If you’re not willing to walk around with a massive phablet protruding from your pocket, checking out content on your phone’s tiny screen can get old fast. Size envy from that massive flat panel calling you from the front of the room can be a frustrating affair. However, if you’re part of the Android or Windows faithful, Roku today announced a brand new way to get everything from the “second screen” to the first.
Available on its popular Roku 3, and Roku Streaming stick (HDMI version), Roku’s new beta screen mirroring system is designed to be an easy way to share anything from your phone — be it video, photos, or even games — on your TV over Wi-Fi. The service will roll out today for select devices including PCs running Windows 8.1 or higher, Windows 8 phones, and Android devices running Android’s 4.4.2 version or higher. While the company hasn’t submitted an exact list of compatible devices, it also stipulates that “hardware must support screen mirroring.”
That last point is a bit ambiguous, and compatibility may depend on which technology Roku has employed for its new mirroring feature, but the majority of Android and Windows phones offer mirroring in some form.
For those new to screen mirroring, there are already a host of ways to wirelessly send content to your TV, including the ubiquitous Miracast system, which works with multiple Android and Windows devices, as well as apps such as AllCast, which works across myriad devices and platforms, and iMediaShare, which is even compatible with Xbox consoles. Roku also has an available app for iPhone and iPad called Play that is similar to Apple’s Airplay system. However, many current apps not only offer limited content sharing, but often come with latency, making gaming, and even watching video clips a spotty affair at best.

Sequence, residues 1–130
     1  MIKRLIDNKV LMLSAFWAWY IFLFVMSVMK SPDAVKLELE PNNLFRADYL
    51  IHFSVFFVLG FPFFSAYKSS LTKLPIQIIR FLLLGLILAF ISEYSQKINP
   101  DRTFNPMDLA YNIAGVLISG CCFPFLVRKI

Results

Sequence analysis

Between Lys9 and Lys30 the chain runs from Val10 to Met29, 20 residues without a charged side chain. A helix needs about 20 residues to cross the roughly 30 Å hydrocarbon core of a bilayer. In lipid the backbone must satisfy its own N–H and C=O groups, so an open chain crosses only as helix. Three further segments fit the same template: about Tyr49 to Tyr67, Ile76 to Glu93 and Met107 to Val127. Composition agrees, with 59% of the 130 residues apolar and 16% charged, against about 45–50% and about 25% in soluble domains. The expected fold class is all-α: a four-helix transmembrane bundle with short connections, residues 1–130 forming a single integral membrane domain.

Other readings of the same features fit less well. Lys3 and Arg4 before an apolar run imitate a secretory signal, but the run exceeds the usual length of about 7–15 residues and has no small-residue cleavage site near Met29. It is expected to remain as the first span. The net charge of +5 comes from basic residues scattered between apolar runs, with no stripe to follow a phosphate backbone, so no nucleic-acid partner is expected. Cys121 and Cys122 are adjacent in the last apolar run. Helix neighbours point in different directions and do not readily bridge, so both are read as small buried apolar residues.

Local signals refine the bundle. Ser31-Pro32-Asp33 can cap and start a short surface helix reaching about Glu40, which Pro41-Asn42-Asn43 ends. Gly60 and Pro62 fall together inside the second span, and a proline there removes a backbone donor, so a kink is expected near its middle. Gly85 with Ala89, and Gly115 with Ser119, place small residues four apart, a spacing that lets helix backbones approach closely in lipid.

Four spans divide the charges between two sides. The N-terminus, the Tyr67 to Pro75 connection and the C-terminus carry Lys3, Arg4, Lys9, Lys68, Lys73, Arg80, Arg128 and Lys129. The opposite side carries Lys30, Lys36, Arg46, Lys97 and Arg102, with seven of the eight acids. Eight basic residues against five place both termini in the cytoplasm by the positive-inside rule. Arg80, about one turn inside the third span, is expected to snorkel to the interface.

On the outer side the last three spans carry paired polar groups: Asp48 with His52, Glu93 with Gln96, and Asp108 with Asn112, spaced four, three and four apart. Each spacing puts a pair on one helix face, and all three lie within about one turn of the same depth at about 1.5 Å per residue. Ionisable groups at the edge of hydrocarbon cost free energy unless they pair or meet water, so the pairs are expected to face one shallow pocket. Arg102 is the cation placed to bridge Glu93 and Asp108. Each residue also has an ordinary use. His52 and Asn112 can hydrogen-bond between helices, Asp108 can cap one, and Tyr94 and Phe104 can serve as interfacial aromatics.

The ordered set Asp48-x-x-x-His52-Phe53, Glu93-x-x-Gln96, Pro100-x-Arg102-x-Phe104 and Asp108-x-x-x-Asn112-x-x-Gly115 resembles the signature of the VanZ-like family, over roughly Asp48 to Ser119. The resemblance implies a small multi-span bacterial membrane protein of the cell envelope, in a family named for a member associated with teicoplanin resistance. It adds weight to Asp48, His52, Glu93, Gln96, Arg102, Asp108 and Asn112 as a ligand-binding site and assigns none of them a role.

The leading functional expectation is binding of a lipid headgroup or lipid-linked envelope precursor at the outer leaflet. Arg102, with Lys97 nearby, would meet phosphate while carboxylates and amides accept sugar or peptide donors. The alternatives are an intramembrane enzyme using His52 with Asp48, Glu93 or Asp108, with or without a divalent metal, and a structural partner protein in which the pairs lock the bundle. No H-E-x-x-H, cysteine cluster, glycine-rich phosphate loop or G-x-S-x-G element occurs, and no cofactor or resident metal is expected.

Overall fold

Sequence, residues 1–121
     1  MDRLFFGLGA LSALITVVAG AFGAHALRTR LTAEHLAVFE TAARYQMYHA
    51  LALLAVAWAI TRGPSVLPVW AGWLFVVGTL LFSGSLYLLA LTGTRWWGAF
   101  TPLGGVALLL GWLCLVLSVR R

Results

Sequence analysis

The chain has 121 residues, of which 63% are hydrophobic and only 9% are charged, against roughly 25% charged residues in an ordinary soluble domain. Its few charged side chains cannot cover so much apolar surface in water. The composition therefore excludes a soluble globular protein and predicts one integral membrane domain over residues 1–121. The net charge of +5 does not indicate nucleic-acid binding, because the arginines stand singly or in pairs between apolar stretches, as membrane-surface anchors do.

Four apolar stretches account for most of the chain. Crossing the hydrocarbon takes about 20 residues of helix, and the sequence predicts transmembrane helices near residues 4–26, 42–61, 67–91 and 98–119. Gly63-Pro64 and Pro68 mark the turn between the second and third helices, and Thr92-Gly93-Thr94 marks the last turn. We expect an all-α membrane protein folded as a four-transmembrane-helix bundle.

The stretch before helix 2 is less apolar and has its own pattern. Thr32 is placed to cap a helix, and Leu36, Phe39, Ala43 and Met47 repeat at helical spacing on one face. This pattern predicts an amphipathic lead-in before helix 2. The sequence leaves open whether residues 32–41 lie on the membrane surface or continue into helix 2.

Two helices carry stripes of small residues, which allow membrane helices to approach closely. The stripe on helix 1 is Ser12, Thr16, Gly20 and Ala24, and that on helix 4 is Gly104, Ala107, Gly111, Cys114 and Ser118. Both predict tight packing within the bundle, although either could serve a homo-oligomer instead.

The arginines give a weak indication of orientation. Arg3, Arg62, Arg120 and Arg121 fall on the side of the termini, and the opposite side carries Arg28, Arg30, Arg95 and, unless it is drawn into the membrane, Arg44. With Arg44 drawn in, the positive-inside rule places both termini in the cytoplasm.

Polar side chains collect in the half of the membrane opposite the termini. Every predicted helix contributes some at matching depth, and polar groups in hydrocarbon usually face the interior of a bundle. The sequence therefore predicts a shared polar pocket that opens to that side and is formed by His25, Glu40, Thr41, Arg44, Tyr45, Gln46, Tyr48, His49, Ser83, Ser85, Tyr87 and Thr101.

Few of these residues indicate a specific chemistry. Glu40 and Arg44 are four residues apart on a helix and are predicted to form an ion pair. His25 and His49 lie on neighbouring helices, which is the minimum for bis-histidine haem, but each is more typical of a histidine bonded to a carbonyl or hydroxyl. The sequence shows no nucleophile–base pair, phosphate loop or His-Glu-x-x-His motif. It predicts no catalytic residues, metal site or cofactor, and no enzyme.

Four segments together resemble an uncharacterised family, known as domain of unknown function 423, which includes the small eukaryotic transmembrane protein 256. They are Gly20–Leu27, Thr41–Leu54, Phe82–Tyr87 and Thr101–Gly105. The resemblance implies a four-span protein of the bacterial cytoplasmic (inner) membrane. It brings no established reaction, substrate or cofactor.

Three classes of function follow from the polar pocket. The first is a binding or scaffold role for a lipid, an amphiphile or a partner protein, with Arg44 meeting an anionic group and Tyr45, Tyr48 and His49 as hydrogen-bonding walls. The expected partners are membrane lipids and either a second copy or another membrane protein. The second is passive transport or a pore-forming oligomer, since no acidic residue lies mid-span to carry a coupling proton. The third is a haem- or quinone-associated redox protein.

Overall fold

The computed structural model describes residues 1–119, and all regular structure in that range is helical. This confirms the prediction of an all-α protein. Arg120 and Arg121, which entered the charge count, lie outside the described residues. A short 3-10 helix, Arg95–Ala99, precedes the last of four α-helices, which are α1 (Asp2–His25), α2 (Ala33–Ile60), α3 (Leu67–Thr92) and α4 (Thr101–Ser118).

If Roku can offer an enjoyable mirroring experience, today’s move will mark a powerful blow in the increasingly brutal battle for set-top supremacy. Google’s Chromecast just popped the mirroring bubble in July of this year, showing off near-latency free mirroring at Google’s I/O 2014 compatible with a host of Android devices. Apple’s aforementioned Airplay system also makes it easy to share a host of content to its AppleTV from Macs, iPhones, and iPads. However, true mirroring of your iPhone’s screen is still elusive, making the conspicuous lack of iOS support in today’s announcement all the more frustrating for the Apple faithful.
We’ll have to wait and see how Roku’s new system fares when it comes to latency and reliability, but if it can truly offer seamless screen mirroring, it will be a potent new weapon in its arsenal, offering yet another reason to go Roku — as long as you’re not an iPhone user, that is. We’ll continue to monitor the new service as it makes its way into Roku user’s living rooms, and will update this story as new details emerge.
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